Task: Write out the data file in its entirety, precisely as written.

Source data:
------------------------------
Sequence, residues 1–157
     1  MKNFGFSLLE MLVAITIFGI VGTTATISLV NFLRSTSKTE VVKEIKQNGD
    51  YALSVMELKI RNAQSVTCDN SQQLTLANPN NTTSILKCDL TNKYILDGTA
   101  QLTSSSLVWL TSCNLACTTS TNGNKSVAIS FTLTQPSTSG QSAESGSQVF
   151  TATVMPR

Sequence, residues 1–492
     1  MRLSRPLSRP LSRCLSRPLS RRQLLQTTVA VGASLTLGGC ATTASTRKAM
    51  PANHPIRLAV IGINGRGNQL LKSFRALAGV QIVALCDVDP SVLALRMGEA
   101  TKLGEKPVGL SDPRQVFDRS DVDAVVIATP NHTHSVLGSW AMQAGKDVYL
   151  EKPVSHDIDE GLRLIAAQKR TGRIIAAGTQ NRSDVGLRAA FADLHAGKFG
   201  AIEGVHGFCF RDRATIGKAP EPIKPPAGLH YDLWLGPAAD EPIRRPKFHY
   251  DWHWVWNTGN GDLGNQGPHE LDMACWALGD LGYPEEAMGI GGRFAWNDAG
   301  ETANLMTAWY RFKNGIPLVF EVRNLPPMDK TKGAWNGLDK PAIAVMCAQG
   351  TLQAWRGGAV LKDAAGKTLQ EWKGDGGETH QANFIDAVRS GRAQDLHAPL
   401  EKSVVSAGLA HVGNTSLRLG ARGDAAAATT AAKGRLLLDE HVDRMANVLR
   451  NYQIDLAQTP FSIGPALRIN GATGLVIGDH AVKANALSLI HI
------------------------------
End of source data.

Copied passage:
Sequence, residues 1–157
     1  MKNFGFSLLE MLVAITIFGI VGTTATISLV NFLRSTSKTE VVKEIKQNGD
    51  YALSVMELKI RNAQSVTCDN SQQLTLANPN NTTSILKCDL TNKYILDGTA
   101  QLTSSSLVWL TSCNLACTTS TNGNKSVAIS FTLTQPSTSG QSAESGSQVF
   151  TATVMPR

Sequence, residues 1–492
     1  MRLSRPLSRP LSRCLSRPLS RRQLLQTTVA VGASLTLGGC ATTASTRKAM
    51  PANHPIRLAV IGINGRGNQL LKSFRALAGV QIVALCDVDP SVLALRMGEA
   101  TKLGEKPVGL SDPRQVFDRS DVDAVVIATP NHTHSVLGSW AMQAGKDVYL
   151  EKPVSHDIDE GLRLIAAQKR TGRIIAAGTQ NRSDVGLRAA FADLHAGKFG
   201  AIEGVHGFCF RDRATIGKAP EPIKPPAGLH YDLWLGPAAD EPIRRPKFHY
   251  DWHWVWNTGN GDLGNQGPHE LDMACWALGD LGYPEEAMGI GGRFAWNDAG
   301  ETANLMTAWY RFKNGIPLVF EVRNLPPMDK TKGAWNGLDK PAIAVMCAQG
   351  TLQAWRGGAV LKDAAGKTLQ EWKGDGGETH QANFIDAVRS GRAQDLHAPL
   401  EKSVVSAGLA HVGNTSLRLG ARGDAAAATT AAKGRLLLDE HVDRMANVLR
   451  NYQIDLAQTP FSIGPALRIN GATGLVIGDH AVKANALSLI HI